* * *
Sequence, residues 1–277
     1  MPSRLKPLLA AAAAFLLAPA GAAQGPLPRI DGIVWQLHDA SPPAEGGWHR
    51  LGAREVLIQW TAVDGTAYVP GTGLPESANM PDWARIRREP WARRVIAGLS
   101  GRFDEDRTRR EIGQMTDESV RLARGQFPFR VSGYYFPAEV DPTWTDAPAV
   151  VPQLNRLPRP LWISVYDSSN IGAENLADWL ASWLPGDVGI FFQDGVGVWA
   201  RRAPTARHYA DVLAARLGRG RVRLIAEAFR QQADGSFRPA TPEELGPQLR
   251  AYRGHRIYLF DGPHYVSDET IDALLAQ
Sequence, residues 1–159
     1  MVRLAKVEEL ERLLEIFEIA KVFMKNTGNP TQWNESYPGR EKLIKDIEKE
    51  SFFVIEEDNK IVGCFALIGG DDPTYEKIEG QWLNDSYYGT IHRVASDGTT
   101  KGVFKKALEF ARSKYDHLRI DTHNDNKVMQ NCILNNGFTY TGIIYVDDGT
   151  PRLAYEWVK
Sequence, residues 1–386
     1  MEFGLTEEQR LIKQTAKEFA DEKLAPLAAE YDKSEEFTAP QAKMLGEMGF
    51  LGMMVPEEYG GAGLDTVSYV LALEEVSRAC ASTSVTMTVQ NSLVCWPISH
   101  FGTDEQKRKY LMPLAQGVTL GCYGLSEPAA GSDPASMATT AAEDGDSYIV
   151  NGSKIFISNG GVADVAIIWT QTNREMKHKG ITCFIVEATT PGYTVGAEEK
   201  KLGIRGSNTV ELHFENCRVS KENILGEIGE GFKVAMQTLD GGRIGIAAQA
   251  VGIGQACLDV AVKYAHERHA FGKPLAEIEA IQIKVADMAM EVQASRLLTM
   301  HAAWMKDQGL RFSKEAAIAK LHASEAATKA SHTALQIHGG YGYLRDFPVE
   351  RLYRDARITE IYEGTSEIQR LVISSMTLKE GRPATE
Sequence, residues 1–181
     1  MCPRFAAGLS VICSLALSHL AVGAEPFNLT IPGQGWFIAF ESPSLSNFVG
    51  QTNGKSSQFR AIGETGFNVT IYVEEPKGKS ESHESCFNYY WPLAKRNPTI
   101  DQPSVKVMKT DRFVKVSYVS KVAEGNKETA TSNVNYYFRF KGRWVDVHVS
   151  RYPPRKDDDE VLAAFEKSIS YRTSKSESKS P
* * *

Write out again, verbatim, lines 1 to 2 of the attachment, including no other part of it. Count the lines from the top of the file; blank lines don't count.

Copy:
Sequence, residues 1–277
     1  MPSRLKPLLA AAAAFLLAPA GAAQGPLPRI DGIVWQLHDA SPPAEGGWHR